The Purple Haze of Hazardous Chemicals

The use of chemicals is fundamental for workplaces across the world and affects our lives either directly or indirectly through the food we eat and the environment in which we live.

The United Nations developed the Globally Harmonised System (GHS) of Classification and labeling of chemicals to counteract any inconsistencies around the management of chemicals and to ensure that human health and the environment are protected. The GHS is being progressively implemented in many countries internationally.

The sound management of chemicals should include systems through which chemical hazards are identified and communicated to all who are potentially exposed. These groups include workers, consumers, emergency responders and the public. It is important to know what chemicals are present and/or used, their hazards to human health and the environment, and the means to control them. A number of classification and labelling systems, each addressing specific use patterns and groups of chemicals, exist at the national, regional and international levels.

Safe Work Australia announced their intention to move over to the GHS in 2012, and workplaces have been given a 5 year transition period to re-classify and re-label hazardous chemicals. It is expected that the GHS will provide trade benefits to industry as well as improved health and safety outcomes through use of internationally consistent hazard communication elements.

The Globally Harmonised System of Classification and Labeling of Chemicals (GHS) is a single internationally agreed system of chemical classification and hazard communication through labeling and Safety Data Sheets (SDS). The GHS is published by the United Nations and is sometimes referred to as ‘the purple book’. It includes harmonised criteria for the classification of:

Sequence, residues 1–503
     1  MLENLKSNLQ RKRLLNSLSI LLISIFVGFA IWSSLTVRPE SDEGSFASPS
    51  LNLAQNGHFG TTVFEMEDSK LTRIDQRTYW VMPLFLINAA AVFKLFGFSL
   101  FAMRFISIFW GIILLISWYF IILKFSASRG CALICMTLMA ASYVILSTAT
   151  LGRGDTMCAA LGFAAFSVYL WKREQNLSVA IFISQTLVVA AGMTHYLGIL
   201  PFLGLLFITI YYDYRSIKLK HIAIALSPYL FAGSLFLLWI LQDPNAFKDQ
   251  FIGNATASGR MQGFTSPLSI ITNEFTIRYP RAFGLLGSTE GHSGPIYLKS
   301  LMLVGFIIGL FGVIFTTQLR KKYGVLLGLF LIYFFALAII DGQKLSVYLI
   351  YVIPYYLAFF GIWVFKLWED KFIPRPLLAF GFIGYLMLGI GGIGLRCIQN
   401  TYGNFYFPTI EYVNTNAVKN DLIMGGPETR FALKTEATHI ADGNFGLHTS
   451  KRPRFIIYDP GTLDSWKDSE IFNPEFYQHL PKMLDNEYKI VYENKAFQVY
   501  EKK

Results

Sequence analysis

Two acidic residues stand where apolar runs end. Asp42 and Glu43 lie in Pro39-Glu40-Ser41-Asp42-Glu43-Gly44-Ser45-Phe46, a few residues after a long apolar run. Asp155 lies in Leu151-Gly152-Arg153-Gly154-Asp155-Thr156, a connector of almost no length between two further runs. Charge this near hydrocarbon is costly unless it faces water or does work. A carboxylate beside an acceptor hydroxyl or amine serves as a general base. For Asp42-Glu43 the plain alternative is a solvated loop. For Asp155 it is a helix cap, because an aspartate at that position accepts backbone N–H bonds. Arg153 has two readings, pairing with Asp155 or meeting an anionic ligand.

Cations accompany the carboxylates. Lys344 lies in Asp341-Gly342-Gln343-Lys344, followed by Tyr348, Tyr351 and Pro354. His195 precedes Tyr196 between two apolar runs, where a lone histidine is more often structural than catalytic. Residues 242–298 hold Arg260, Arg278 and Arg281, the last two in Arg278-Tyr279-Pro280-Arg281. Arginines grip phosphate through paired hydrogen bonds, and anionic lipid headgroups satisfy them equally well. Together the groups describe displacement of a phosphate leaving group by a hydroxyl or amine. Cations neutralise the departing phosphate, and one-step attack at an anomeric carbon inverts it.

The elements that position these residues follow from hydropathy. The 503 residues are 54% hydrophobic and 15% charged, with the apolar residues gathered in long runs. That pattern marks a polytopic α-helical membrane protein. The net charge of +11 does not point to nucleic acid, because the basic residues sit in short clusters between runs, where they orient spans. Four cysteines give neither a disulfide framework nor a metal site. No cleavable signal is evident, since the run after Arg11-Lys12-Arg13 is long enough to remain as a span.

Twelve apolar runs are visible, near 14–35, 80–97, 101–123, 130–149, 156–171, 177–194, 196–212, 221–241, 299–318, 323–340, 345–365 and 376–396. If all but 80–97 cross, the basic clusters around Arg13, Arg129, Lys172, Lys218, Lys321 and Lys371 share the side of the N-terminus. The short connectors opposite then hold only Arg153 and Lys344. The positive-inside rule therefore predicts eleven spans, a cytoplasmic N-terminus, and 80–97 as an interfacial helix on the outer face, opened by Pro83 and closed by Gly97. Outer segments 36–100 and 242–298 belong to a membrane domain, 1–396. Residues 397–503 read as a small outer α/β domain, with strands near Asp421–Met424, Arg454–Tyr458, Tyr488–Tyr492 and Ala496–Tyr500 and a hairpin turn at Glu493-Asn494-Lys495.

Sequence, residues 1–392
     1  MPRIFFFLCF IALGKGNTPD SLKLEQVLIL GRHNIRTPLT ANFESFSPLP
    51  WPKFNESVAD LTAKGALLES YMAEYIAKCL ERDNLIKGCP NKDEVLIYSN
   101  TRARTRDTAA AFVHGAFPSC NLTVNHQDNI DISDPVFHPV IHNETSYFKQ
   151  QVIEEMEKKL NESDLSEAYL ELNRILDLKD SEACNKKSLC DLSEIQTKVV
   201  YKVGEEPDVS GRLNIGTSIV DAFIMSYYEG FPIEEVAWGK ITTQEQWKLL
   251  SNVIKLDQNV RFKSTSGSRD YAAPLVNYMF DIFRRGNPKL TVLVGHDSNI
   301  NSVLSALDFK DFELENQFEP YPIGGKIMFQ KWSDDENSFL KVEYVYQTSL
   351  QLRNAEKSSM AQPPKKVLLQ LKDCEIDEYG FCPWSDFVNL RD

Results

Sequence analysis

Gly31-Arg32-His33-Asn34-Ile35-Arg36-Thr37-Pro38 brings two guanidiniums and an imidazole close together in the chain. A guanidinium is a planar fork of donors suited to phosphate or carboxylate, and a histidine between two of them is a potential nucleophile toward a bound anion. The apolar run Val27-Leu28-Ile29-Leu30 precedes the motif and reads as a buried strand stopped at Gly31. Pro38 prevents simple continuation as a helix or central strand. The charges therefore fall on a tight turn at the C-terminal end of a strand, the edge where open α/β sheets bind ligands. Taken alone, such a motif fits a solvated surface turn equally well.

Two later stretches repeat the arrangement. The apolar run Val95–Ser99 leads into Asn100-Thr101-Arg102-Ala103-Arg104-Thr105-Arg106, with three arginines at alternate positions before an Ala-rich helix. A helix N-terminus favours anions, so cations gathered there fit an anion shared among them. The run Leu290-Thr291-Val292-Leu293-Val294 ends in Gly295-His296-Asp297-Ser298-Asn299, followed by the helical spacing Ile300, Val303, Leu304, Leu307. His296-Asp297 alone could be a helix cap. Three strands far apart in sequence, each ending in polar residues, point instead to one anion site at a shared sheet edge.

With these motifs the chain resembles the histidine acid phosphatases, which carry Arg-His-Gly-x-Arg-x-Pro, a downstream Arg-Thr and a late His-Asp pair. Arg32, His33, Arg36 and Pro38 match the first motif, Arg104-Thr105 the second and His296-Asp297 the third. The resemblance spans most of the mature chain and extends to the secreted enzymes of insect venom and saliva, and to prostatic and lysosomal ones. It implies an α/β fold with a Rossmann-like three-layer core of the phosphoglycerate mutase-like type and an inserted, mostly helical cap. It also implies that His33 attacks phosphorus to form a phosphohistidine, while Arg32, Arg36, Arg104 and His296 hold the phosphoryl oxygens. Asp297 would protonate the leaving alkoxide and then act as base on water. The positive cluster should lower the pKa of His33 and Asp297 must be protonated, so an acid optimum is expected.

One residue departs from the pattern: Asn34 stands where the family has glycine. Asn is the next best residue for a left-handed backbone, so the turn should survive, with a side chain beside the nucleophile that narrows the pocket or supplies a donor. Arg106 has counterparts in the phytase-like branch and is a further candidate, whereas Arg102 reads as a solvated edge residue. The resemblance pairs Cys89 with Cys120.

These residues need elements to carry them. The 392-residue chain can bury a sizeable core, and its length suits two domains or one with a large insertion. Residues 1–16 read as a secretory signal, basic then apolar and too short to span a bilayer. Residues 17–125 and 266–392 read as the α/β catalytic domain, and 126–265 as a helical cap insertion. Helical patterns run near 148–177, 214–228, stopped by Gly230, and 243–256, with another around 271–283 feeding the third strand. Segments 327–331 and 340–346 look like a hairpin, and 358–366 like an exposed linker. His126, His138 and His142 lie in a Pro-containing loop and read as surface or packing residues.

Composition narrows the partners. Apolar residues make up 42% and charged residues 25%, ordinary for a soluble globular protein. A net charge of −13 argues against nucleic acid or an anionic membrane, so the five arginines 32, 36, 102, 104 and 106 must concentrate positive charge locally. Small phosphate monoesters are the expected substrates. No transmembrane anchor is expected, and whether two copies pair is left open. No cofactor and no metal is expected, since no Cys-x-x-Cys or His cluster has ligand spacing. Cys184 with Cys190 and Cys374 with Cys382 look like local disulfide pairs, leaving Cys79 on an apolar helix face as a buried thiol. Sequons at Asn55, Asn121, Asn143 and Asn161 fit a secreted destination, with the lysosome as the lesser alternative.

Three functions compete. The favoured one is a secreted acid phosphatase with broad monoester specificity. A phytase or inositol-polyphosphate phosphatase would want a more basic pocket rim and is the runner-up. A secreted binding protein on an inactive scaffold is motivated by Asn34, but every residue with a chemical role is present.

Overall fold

• Physical hazards;
  • Health hazards; and
  • Environmental hazards.

The two major elements of GHS include:

  • Classification of hazards of chemicals:
    • GHS provides guidance on classifying pure chemicals and mixtures according to its criteria or rules.
  • Communicates hazard information on labelling and Safety Data Sheets (SDS):
    • Hazard classes
    • Symbols, signal words, hazard and precautionary phrases
    • Standardised Safety Data Sheet (SDS) format.

Australian workplaces will need to start preparing for the implementation of (GHS) which will become a mandatory requirement on 1 January 2017. Currently manufacturers may use either the GHS for classification, labelling and Safety Data Sheets (SDS’s), or the previous hazardous substances and dangerous goods classification systems. After 31 December 2016, all workplace chemicals must be classified according to the GHS and labels and SDS’s must be updated.

By request, Safety Australia Group recently conducted “Globally Harmonised System (GHS) Awareness Courses” for a number of our clients. The 3 hour session covered changes to the Harmonised Work Health and Safety (WHS) legislation for hazardous chemicals and the movement to establish a globally harmonised hazard communication system. We received great feedback from our clients who are now on the right path to implementing GHS into their workplace.

Further information on the transitional arrangements is available on the Safe Work Australia website.

For more information about our Globally Harmonised System (GHS) Awareness Course, please visit the Safety Consultants Australia website.

Source: Safe Work Australia